on March 29, 2013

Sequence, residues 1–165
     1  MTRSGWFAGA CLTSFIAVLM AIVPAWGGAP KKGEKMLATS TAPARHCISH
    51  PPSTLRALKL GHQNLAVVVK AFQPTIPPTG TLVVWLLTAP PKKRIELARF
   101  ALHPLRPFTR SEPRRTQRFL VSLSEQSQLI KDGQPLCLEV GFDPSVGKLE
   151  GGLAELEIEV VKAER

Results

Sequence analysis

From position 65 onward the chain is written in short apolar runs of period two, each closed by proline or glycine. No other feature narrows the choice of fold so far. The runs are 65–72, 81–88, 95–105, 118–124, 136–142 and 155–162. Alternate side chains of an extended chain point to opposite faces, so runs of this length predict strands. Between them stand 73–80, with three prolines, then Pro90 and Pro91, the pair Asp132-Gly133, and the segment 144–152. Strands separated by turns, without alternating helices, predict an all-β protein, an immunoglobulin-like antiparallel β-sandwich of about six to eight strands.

Situated between Constitution and Independence Avenue to the north and south and bordered on the east and west by 14th St and 3rd St is a collection of America’s history and culture scattered among many different museums. The museums are part of the Smithsonian Institution. Of the nineteen museums, nine research centers, and zoo that make up the Smithsonian complex, seven of them are located on the National Mall. Just across 14th St from the Washington Monument is the newest museum, the National Museum of African American History and Culture, which is still under construction. The museum is scheduled to open in 2015. Just to the north of that museum is the National Museum of American History. This museum preserves and displays the social, political, cultural, scientific, and military history of the United States. Visitors can explore three floors of items and exhibits among a wide range of different themes that have important significance in American history. Each wing has a landmark object that highlights the theme in that section such as a Red Cross ambulance, the John Bull locomotive, an 1865 Vassar Telescope, and the Greensboro lunch counter, where there was a massive sit in during the height of the Civil Rights era. But perhaps the most treasured item within the museum is the Star Spangled Banner. The flag, which was flown over Fort McHenry during the War of 1812 led to Francis Scott Key writing the country’s national anthem. The flag is preserved in a climate controlled chamber. Directly next door is the Natural Museum of Natural History which has over 126 million specimens of plants, fossils, minerals, rocks, and meteorites. The museum has over 1.5 million square feet with over 325,000 square feet of exhibition space. It is not only a museum but a research center as well that is home to about 185 scientists. The museum tells the story of the dinosaurs, the origin of man, and has exhibits on everything from mammals, insects, and ocean creatures to minerals, stones, and gems. The administrative offices of the Smithsonian Institution are located in the Smithsonian Institution Building which lies just south of the Natural Museum of Natural History. It is more commonly known as the Castle because of its Romanesque and Gothic style architecture and its red Seneca sandstone exterior gives its distinctive look. The Castle was the first Smithsonian building built in 1847. Although it serves an administrative function there is a visitor center. Just inside the main entrance is a crypt that houses the tomb of James Smithson, the founding donor of the Smithsonian Institution. Next to the Castle is the Arts and Industries Building, which is the second oldest of the Smithsonian Museums. It sits just slightly further back off of the Mall so that the view of the Capitol from the Castle is unobstructed. It houses items from the Philadelphia Exposition in 1876, which was its intended use when it was originally built. It is currently closed to the public while it undergoes a renovation which could last a couple of years. Next to the Arts and Industries Building is the Hirshhorn Museum and Sculpture Garden, which operates as a contemporary and modern art museum on the National Mall. The building itself could be considered art as it looks as if a spacecraft landed on the Mall. My favorite museum on the mall, the National Air and Space Museum, is located next to the Hirshhorn Museum, just across 7th Street. It holds the largest collection of historic aircraft and spacecraft in the world with over 161,000 square feet of floor space. Among some of the most significant aircraft under its roof is the 1903 Wright Brothers Flyer, which performed the first heavier than air flight at Kitty Hawk in NC. There is the Spirit of St. Louis, piloted by Charles Lindbergh who made the first nonstop solo flight from New York to Paris, France. There is also a Boeing 747 and many more aircraft throughout the museum as well as an IMAX theater, flight simulators, and a three level museum gift shop. The museum also houses a space exhibit that has the Apollo 11 command module, a V2 ballistic missile, and a Skylab space station that visitors can walk through. A lunar rock is also on display that visitors can touch. There is another related museum with different aircraft and exhibits near Dulles International Airport. The last Smithsonian Museum on the Mall is the National Museum of the American Indian located next to the Air and Space Museum. The five story 250,000 square foot museum is the first in the nation to be dedicated exclusively to the Native Americans. It is one of the few museums that I have yet to visit on the Mall and it will definitely be a stop on my next visit to DC. Just to the north of the American Indian and the Air and Space Museum is the National Gallery of Art Museum. It is not affiliated with the Smithsonian Institution. The museum houses art from paintings, drawings, sculptures, photographs, and decorative art from the Middle Ages to the Present. The National Gallery is comprised of two buildings. The West building has an extensive collection of paintings and sculptures by Europeans from the medieval period through the late 19th century, as well as pre 20th century works by American artists. The East building focuses on modern and contemporary art. The two buildings are linked by an underground tunnel. A museum that lies just outside of the National Mall is the National Archives. It is located on Constitution Ave in between the National Museum of Natural History and the West Wing of the National Gallery. This is one museum that every American should visit. Inside the rotunda of the building, referred to as the Charters of Freedom, are the original documents of the Declaration of Independence, the Constitution, and the Bill of Rights. There are also other documents on display such as the Louisiana Purchase Treaty, the Emancipation Proclamation, and a copy of the Magna Carta from 1297. The great thing about all of these museums is that they are free. The museums are either supported by the government or through private donors or endowments. By not charging an admission, these museums make sure that every American and foreign visitor may experience the history of the US.